THE SECOND SUNDAY OF THE EASTER SEASON – DIVINE MERCY SUNDAY: As we read The Columbus Dispatch, watch any of the network or cable news programs, or go a news web page, we might be asking ourselves why there such a lack of peace in the world. Actually the answer is quite simple: there are a great many in this world who do not take God seriously, nor do they humbly approach Him to receive His mercy. There is a lack of peace in the world because some still want to place their opinions on an equal level or even above God; for whatever reason some feel compelled to play God by determining according to their all-too human standards what is right or wrong, or imposing their will upon God rather that submit to the will of God, and refusing to turn back to Him to beg his forgiveness and receive it. And the longer we refuse to acknowledge our need for God’s mercy, seek it and share it, the worse it gets. Think of what our world would be like if each of us repented and stopped breaking the Ten Commandments. There would be no murder, no hatred, no broken families, no stealing, no lying, no envy, no adultery. There can be no real peace when modern-day Cains are killing Abels. There can be no peace when there is no peace at the home because of lack of respect or infidelity. There can be no real peace if we cannot trust and love each other. There’s a bumper sticker that you still see on cars that became very popular when I was young. It was taken out of context from a quotation from Pope Paul VI: “If you want peace, work for justice.” But the justice he was talking about primarily was our becoming just with God through the forgiveness of our sins, and our sharing that justice with others. A better motto would be, “If you want peace, go to confession!” “If you want peace, bring others to Christ in confession!” “If you want peace, and you’re a young man, ask yourself whether the Lord might be calling you to be a priest,” so that he can send you out, just like He sent the apostles out, empowered by the Holy Spirit, to forgive and retain sins in His name. For peace, we have to recognize our need for God’s mercy, ask for and receive that mercy, and then share that mercy with others. God always leaves a light on for us, patiently waiting for our return to Him, even when we have left him behind time and time again throughout our lives! He is never far from us, and if we return to Him, God is ready to embrace us. To experience this level of peace in our lives this typically involves three steps:
- Recognize our need for God’s mercy. Like the Prodigal Son (Luke 15), we have to realize that we have sinned, and that without God’s forgiveness, we will die in our sins. But God does not desire the death of the sinner, but that the sinner return to him and live, which leads us to the second step.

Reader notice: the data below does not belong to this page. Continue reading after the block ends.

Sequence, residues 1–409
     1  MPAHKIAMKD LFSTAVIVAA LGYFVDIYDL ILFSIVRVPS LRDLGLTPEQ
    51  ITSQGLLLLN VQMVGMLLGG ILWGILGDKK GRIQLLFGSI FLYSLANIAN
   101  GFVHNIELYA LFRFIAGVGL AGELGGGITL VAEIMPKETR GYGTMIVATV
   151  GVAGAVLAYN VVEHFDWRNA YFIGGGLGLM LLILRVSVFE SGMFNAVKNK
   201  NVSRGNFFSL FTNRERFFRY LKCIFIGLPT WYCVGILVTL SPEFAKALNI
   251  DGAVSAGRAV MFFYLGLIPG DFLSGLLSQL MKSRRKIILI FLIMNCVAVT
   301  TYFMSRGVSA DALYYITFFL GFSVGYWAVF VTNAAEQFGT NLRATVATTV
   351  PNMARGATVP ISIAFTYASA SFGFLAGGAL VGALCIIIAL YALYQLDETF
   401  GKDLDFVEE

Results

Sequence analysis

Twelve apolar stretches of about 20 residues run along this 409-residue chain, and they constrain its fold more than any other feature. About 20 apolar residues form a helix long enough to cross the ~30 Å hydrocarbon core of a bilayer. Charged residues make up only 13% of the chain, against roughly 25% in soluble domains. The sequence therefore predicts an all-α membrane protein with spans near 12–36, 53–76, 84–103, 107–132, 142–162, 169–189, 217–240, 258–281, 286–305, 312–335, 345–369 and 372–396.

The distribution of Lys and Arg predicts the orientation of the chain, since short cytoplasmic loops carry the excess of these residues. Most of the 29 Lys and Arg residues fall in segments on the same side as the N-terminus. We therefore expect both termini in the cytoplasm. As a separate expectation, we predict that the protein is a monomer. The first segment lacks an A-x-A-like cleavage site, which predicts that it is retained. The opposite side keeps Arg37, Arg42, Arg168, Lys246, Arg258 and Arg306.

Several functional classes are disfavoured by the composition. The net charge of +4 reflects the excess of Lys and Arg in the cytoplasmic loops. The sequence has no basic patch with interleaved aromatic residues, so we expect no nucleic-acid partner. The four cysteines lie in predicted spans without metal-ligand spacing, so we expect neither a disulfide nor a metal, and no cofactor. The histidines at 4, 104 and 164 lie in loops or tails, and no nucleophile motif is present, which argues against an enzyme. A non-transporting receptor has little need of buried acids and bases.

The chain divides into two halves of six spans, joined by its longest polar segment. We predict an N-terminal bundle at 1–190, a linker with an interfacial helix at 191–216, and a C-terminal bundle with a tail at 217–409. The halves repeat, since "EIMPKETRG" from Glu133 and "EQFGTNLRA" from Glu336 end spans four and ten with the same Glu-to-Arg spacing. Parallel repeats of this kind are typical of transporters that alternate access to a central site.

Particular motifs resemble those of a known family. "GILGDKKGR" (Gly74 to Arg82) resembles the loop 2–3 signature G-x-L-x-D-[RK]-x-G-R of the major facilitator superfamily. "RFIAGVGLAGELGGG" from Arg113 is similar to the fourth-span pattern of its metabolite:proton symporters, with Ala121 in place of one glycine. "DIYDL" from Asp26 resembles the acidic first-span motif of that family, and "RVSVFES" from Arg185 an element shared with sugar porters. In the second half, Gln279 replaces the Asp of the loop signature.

- Trust in, humbly ask for, and receive God’s mercy. In this world, Jesus established only one ordinary way for us to receive this mercy for all the sins we’ve committed after our baptism: the sacrament of reconciliation, confessing our sins to Christ through the priest. There are a lot of people today, including Catholics, who say, “I can confess my sins directly to the Lord!” Out of real love for you, please let be very clear: you can confess your sins to whomever you want — to your best friends, husbands or wives, parents and children, co-workers, social workers, shrinks, bartenders, radio call-in show host — to anyone you want. But you can’t receive forgiveness there, which is the point. The only means in this world in which we can be certain that the Lord forgives us is when we confess our sins to a priest, whom Jesus has ordained, and sent out from the Upper Room for this purpose.
- Share it with others. We’re called to be merciful with others. Jesus said, “Be merciful, as your heavenly Father is merciful… The measure with which you measure will be measured back to you.” In another place, the Lord says, “Blessed are the merciful, for they will receive mercy.” The Lord’s point is that the pre-requisite for our receiving mercy is our showing mercy to others. After having taught us the Lord’s Prayer (the “Our Father”) in which we pray, “forgive us our trespasses as we have forgiven those who have trespassed against us,” the Lord instructs us, “If you forgive others their sins, your heavenly Father will forgive you, but if you do not forgive others their sins, neither will your heavenly Father forgive your sins.”
As we celebrate Divine Mercy Sunday, let us remember what Lord said to Saint Faustina: “I want… the first Sunday after Easter … to be the Feast of Mercy. I desire that the Feast of Mercy be a refuge and a shelter for all souls, and especially for poor sinners. On that day, the very depths of My tender mercy are open. I pour out a whole ocean of graces upon those souls who approach the fount of My mercy.”
▪ I wish to thank Fr. Jared Wicks, S.J., and Msgr. Frank Lane who presented “Two Popes, Two Saints: Perspectives on John XXIII and John Paul II” this past Tuesday in our Cathedral Church. Nearly 200 people attended this wonderful presentation as part of our Cathedral Speaker Series, and I thank all who attended.
▪ Today we celebrate a special day in the Church – the canonization of Saint John XXIII and Saint John Paul II. I have included some information in this bulletin about these two Saints, most of us have known in our lifetime. The U.S. Conference of Catholic Bishops web page has additional information: www.usccb.org.
-Fr. Mike Lumpe